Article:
Penn State coach Bill O’Brien expressed interest last week in playing the Pittsburgh Panthers on a yearly basis. This has opened up interest in the in-state competition which has been dormant since 2000.
Although Pitt is currently on Penn State’s schedule in 2016-2017, O’Brien’s comments echo the desire of many Pennsylvanians—Pitt and PSU fans alike—who want to see the rivalry rekindled every season. Others feel like they’d rather see more diverse scheduling and feel that Penn State has more to lose when playing Pitt (both from a financial point of view and a reputation point of view—as Pitt has been inferior in football for the better part of the past three decades).
I have three ideas going forward that can satisfy both fan bases, while also giving college football back one of its best traditions.
1. Play 4 out of 6 years. Joe Paterno’s proposal angered Pitt fans for the past decade. He wanted Pitt to play two games in Happy Valley for every one visit by the Nittany Lions to Heinz Field. His rationale? Pitt makes more money off of Penn State coming to town than any other home game, whereas Penn State might do better to schedule an Alabama or Notre Dame. A home-and-home series with Pitt locks PSU into an unequal revenue distribution.
If PSU/Pitt could agree to a modified two-for-one scheduling scheme, one where Pitt gets to keep all the revenue from one home game at Heinz, Penn State keeps the revenue from two home games at Beaver Stadium, and the two teams split the revenue from another game at Heinz, Penn State would likely agree to such terms. Then, after the four-year contract is up, take two years off. Schedule other out-of-conference foes. But sign another four-year deal to continue the rivalry later.
Would Pitt agree to this? It still is unequal. Maybe not. But sell-outs are hard to come by for the Panthers, and this would give them two, guaranteed, and more profit than they could come by with any other two home games.
2. Play 2 out of 6 years. Penn State can surely agree to a home-for-home series with Pitt on occasion. Perhaps this very plan is in the long-term plans for PSU. Who knows? With the 2016-2017 series already on the books, maybe the two ADs can re-up the contract again in 2022-2023. This would keep the rivalry alive, while not limiting Penn State’s scheduling in the future at all. Some Big Ten teams will only play PSU twice every five years, so this really does keep Pitt on the Nittany Lion’s radar.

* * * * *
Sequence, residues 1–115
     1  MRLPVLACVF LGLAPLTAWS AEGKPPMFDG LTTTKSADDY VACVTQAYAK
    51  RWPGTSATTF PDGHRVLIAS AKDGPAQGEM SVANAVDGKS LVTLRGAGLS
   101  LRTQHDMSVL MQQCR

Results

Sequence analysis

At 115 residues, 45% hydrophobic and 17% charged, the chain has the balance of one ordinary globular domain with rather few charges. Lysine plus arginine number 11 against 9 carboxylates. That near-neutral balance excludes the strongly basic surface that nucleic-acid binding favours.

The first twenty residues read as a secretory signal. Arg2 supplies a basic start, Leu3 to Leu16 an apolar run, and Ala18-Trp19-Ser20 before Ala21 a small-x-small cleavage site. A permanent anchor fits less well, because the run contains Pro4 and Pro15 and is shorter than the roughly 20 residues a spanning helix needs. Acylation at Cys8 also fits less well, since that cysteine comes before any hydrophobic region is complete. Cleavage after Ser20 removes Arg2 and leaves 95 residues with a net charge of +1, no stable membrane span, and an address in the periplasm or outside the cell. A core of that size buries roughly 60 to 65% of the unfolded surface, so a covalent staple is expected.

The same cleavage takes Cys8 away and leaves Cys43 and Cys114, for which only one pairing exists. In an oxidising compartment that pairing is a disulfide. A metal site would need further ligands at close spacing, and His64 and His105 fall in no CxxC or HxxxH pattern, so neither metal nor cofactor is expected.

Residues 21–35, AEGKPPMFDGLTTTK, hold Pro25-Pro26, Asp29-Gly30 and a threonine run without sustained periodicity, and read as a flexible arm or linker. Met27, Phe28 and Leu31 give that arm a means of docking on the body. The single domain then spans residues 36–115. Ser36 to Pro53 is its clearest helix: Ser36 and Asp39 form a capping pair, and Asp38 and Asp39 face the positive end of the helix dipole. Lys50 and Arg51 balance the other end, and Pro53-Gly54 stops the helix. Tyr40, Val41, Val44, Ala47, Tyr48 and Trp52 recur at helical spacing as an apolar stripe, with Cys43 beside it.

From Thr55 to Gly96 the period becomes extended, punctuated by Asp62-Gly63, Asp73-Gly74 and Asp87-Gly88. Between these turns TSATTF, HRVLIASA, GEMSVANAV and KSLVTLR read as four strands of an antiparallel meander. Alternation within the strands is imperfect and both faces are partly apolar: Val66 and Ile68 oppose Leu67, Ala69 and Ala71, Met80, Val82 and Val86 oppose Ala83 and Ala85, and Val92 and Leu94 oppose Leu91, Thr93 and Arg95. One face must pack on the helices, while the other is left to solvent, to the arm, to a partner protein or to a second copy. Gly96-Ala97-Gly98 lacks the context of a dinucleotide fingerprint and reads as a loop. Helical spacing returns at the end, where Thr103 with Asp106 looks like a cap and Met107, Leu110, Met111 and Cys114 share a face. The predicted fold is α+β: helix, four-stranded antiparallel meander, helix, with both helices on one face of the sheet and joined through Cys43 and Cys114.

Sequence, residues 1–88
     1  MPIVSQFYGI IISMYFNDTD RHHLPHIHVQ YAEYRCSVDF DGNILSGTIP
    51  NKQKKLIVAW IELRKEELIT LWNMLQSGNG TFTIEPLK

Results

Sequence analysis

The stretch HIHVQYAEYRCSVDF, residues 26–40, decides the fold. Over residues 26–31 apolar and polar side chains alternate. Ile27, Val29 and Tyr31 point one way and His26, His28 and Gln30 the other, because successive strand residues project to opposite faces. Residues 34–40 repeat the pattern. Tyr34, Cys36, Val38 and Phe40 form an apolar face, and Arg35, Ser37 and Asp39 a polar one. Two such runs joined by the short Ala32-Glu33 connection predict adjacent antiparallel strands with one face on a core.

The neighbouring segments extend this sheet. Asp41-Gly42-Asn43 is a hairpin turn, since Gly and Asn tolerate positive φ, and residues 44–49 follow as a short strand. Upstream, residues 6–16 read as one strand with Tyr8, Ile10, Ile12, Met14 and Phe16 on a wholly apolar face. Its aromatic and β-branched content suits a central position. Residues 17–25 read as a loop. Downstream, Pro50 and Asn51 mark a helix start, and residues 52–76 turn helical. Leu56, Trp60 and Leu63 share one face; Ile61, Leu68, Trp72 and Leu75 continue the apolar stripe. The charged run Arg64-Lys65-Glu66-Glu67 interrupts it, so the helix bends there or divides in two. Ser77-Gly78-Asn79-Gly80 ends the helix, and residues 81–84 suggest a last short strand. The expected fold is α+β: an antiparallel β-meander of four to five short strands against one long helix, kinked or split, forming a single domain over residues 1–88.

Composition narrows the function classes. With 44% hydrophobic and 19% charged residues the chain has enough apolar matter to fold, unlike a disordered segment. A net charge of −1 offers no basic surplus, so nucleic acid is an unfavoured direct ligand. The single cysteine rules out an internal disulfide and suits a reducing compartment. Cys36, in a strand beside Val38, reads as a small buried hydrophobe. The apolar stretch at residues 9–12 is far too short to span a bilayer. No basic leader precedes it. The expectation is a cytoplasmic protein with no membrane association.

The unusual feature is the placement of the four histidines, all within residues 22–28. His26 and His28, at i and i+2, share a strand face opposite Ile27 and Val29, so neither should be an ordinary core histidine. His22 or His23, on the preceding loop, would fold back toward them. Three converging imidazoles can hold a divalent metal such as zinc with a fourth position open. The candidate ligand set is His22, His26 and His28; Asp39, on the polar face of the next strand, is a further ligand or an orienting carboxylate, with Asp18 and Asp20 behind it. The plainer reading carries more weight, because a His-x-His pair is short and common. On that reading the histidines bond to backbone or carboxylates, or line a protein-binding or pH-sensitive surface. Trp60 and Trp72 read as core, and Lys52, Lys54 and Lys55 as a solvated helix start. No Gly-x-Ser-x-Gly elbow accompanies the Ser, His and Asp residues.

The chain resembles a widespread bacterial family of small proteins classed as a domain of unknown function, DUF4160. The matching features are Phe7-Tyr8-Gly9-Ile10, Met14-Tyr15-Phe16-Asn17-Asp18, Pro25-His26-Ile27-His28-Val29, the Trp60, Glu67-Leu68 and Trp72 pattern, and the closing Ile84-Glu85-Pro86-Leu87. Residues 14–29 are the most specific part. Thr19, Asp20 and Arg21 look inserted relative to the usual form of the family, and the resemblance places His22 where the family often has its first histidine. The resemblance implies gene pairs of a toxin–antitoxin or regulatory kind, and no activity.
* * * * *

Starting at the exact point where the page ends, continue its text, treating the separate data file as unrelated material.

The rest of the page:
3. Play every year. Before you get too far into this idea, know that it’s very speculative and involves some predictions about where college football is headed. I do not believe that playing every year is likely or even feasible in the current college football landscape. But impending changes in college football could make a yearly PSU/Pitt series possible.
First, TV deals are changing the way conferences are asking their teams to schedule. Look at the Big Ten/Pac-12 match-ups that are slated to start in 2016 or 2017. The conferences know that better games fetch better prices from TV networks, and that extra money—which trickles down to each conference member—may soon trump the revenue of a home game against a sacrificial lamb (like a MAC school or even a FCS foe).
Among other scheduling ideas the Big Ten is batting around is a 9-game conference schedule, which would increase the difficulty of schedules for league teams but would create a more lucrative TV package as well. A longer conference schedule could limit out-of-conference options (like Pitt/PSU).
Obviously, if the Big Ten schedule stays at eight games, then the league could ask its teams to schedule additional difficult teams (on top of the Pac-12 series). Pitt as a yearly foe might give PSU that “name cache” opponent but then still allow the Lions to schedule another formidable foe with a home-for-home series.
Another change—even more sweeping than TV-related ones—might come from the new “4-team playoff” structure. Some leagues—like the SEC—are proposing a straight “top 4” playoff that disregards conference championships. In that scenario, the highest goal would be an inflated record to help get to the top of the polls. But Delany and Larry Scott (Pac-12 commissioner) are voicing support for a conference champ only model. How would this affect scheduling?
Quite simply, a team could schedule a rigorous out-of-conference schedule and perhaps lose a difficult game (like PSU did with Alabama last year or Oregon did with LSU) but still be eligible for the playoffs. In the SEC’s “top 4 only” system, Oregon would have been punished for scheduling LSU, while Stanford (the team they stomped during the season) would have been awarded a playoff spot for scheduling weaker foes.If teams are rewarded for conference championships, we will see a better regular season, with more games for Penn State like Pitt and Alabama and fewer games like Youngstown State and Coastal Carolina because teams won’t be punished for rigorous schedules.
Imagine a future schedule of eight Big Ten games (with blockbusters against Nebraska, Ohio State, Wisconsin, and Michigan), three strong out-of-conference games (Pittsburgh, an elite SEC or Pac-12 team, and a smaller ACC or Big East team), and just one cupcake school. With the right design of our new playoff and the explosion of TV dollars, this could be our happy future as Penn State fans.